Methodists have always lived with an uneasy sense that something went seriously wrong between John Wesley and his wife, Mary Vazeille (née Goldhawk). Married in 1751, John and Mary stopped living together from around 1758. They were reconciled for a short period in the 1770s, and then again separated from each other. What happened?
Traditionally Methodists have blamed Mary. The Encyclopedia of World Methodism (1974) has an article on Mary Wesley that blamed the breakup on “his wife’s perverseness, which was probably worsened by a streak of mental unsoundness …” and went on to say, “it remained for [John] only to show what infinite stores of fortitude and forbearance he possessed.”
In “John Wesley’s Intimate Disconnections, 1755-1764,” Ted A. Campbell offers a new and complex account of the unraveling of this relationship based on careful study of correspondence in the period. He points out that this period very nearly coincides with the Seven Years War (1754-1763) and that John Wesley’s earlier and conversationally intimate relationship with his brother Charles had gone through a serious hiatus early in this period, including a period of three and a half years’ cessation of communications between the brothers. Campbell points out that Wesley typically wrote to his wife in a business-like fashion, but wrote to younger, married women such as Sarah Ryan, with great spiritual intimacy. When Wesley Mary intercepted one of John’s letters to Sarah Ryan, she could see that her husband did not confide in her as he did with the younger women.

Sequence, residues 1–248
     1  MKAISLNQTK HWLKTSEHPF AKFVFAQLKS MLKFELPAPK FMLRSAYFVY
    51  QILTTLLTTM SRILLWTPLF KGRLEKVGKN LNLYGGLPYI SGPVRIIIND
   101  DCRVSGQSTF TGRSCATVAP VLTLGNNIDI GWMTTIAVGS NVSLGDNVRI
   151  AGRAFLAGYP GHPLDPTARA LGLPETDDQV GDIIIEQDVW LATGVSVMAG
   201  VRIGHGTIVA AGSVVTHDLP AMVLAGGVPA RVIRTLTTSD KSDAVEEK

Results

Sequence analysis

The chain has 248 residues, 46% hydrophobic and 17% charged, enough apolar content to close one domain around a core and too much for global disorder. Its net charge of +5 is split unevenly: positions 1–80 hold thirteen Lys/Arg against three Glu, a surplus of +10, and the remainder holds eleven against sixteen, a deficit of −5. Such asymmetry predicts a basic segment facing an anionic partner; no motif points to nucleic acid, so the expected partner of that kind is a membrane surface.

The story that Campbell unravels in this article is thus a complicated, grown-up tragedy of misplaced intimacy that signals one of the key problems associated with Methodist “heart religion” in the eighteenth century. The article examines not only the text of Wesley’s letters, but also examines how Wesley sometimes marked through words to convey meanings, and how his brother Charles wrote “endorsements” (summaries) of his letters that read as clever asides revealing his sometimes scathing reactions to his brother’s letters. The article was published in the April, 2013, issue of Methodist History and can be accessed at this address:
Ted A. Campbell serves as Associate Professor of Church History, Perkins School of Theology Southern Methodist University, in Dallas, Texas.